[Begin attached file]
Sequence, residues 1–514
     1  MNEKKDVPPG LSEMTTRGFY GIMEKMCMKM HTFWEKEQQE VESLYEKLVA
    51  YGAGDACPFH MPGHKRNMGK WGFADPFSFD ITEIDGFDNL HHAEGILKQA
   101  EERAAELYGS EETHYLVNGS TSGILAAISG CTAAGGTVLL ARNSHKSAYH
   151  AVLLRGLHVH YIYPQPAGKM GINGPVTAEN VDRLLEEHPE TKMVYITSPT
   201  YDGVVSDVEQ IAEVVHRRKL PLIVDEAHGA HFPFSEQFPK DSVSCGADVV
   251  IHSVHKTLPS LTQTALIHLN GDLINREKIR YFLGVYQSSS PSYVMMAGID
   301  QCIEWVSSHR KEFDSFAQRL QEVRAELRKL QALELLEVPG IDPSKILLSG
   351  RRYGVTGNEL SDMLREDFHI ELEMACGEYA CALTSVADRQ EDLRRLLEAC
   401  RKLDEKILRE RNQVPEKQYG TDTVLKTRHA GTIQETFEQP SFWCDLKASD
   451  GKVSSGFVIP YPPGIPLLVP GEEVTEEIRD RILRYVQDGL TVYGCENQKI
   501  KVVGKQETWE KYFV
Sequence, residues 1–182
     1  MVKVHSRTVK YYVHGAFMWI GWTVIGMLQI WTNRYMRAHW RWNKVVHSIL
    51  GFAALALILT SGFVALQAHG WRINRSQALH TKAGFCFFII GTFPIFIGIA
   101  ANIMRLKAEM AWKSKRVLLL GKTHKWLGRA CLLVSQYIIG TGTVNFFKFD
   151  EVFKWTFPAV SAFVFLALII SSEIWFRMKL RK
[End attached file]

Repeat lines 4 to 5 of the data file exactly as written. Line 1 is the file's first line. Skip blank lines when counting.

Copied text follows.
   101  EERAAELYGS EETHYLVNGS TSGILAAISG CTAAGGTVLL ARNSHKSAYH
   151  AVLLRGLHVH YIYPQPAGKM GINGPVTAEN VDRLLEEHPE TKMVYITSPT